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If you have m students, m places, there are m! permutations. Take a certain number of them, k. There are k! positions for them in the first k positions in the line, therefore we can associate k!(m-k)! permutations of the m! initial with that number k. However, there are two other things stated, and I have no idea why: -No different choice for k will arrive at the same permutation -Add up all the permutations for all possible ks, then you achieve m! permutations
1.) If m=6, surely k=2 and k=4 would have the same number o permuations 2.) 6! does not= 5!1!+4!2!+3!3!+2!4!+1!5!
*I don't know, but bookmarked because I want to learn more about combinatorics
How No. 2's actually stated: By considering all possible selections of k students from m we obtain, under the above association, al possible permutations for the m students (the assosiation= k assosiates with k!(m-k)! permutations)
@TuringTest, 'A background to Pascal's triangle' is where this came from, if it helps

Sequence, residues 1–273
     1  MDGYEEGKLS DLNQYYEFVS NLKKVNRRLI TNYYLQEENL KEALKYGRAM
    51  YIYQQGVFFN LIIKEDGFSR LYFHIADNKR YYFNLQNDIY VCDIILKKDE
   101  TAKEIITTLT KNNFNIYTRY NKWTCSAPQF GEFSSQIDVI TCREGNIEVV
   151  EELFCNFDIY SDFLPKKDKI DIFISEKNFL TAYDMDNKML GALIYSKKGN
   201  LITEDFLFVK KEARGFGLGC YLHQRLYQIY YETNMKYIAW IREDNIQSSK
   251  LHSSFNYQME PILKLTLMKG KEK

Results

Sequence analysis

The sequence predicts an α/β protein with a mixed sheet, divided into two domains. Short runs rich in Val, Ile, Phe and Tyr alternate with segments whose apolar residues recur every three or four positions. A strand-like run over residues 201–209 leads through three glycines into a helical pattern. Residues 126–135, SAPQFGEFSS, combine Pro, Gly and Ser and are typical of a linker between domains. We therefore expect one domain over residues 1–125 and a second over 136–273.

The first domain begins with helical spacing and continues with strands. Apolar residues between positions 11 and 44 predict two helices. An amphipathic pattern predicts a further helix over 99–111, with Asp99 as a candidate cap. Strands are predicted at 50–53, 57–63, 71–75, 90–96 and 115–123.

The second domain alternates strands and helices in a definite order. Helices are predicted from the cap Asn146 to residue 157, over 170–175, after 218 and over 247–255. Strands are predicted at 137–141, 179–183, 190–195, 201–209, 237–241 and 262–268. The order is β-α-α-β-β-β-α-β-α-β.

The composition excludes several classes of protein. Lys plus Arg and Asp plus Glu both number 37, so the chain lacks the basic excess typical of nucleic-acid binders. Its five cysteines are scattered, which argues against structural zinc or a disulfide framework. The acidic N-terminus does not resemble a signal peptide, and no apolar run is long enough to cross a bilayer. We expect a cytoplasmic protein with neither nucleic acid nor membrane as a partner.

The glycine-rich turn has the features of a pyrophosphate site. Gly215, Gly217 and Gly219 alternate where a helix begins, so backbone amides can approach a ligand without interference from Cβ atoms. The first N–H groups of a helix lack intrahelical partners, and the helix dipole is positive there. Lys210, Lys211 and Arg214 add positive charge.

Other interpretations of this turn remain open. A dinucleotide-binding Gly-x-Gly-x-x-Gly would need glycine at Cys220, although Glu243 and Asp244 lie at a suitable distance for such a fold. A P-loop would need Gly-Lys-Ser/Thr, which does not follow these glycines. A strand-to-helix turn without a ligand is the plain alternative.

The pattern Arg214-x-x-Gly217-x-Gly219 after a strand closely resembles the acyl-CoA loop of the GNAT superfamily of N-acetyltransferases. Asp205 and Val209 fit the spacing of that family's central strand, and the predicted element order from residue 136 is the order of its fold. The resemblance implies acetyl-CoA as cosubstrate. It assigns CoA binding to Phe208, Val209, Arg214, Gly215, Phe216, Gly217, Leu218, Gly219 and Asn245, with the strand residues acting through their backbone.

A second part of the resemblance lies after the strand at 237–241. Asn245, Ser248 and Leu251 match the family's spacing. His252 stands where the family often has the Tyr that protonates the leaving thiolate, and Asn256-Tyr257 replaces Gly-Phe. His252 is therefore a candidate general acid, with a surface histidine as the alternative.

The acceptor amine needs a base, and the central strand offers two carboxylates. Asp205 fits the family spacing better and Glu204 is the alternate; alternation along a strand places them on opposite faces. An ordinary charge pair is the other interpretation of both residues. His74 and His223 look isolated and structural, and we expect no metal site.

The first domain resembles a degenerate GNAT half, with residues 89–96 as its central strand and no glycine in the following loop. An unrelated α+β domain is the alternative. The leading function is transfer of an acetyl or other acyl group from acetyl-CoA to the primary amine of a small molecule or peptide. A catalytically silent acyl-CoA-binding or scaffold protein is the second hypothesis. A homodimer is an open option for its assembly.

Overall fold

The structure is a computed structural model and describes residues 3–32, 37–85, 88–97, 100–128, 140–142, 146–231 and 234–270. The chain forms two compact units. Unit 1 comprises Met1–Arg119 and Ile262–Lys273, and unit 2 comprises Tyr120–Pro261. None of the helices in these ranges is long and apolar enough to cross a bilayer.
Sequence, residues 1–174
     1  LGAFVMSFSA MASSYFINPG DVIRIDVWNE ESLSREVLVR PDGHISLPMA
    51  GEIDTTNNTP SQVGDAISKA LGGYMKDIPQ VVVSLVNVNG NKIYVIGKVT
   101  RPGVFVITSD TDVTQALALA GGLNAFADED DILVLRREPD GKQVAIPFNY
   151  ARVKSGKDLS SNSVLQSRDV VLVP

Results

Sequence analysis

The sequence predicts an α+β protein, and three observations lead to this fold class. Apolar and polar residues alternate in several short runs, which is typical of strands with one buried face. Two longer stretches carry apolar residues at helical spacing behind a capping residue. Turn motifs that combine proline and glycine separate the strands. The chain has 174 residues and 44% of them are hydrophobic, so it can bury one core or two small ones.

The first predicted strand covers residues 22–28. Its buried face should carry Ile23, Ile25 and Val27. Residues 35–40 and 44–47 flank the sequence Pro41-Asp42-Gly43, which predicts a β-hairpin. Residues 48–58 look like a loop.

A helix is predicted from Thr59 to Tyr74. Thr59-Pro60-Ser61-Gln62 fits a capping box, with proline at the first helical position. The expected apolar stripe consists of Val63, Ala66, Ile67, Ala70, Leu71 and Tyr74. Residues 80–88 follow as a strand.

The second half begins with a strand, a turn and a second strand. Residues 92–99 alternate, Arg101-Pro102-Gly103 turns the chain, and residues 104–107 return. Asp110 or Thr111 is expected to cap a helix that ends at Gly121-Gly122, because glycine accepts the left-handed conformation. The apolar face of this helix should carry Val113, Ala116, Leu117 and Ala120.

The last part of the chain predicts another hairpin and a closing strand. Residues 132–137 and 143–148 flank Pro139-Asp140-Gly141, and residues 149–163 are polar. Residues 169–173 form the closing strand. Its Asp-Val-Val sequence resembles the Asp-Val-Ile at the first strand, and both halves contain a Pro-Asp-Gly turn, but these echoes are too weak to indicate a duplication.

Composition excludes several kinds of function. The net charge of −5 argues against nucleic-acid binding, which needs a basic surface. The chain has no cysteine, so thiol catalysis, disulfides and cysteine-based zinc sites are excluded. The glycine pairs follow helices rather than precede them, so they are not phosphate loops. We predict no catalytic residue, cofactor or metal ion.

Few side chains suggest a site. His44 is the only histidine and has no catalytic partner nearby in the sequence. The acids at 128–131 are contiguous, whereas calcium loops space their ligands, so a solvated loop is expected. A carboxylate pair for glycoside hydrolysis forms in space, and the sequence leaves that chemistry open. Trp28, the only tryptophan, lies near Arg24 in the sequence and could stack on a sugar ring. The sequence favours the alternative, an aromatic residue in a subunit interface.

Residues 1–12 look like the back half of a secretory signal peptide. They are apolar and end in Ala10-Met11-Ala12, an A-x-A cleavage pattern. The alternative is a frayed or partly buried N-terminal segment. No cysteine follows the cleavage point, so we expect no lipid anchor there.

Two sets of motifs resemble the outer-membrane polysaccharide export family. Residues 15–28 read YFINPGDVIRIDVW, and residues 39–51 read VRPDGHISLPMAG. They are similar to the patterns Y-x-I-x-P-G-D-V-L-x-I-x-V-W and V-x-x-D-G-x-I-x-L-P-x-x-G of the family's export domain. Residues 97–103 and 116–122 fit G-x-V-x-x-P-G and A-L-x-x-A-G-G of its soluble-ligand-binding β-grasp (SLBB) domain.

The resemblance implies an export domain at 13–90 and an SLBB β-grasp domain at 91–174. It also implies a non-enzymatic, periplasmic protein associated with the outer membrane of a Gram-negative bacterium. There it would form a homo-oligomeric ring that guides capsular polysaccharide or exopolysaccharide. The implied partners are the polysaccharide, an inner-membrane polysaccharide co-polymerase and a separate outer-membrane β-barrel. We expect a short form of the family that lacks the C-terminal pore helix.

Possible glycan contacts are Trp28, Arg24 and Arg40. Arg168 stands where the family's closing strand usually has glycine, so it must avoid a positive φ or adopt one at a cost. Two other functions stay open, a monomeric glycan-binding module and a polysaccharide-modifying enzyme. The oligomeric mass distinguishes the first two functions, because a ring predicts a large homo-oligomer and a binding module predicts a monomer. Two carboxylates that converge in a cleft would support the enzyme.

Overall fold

For this statement -No different choice for k will arrive at the same permutation I interpret this to mean an actual permutation and not the number of permutations. If m=6, surely k=2 and k=4 would have the same number of permutations k=2 has only 2 members in each permutation, and k=4 has 4 members in each permutation. It is true that each set has the same number of permutations. This By considering all possible selections of k students from m we obtain, under the above association, al possible permutations for the m students (the assosiation= k assosiates with k!(m-k)! permutations) Though it is as clear as mud, it probably means (m choose k) * k!(m-k)! = m! which is true.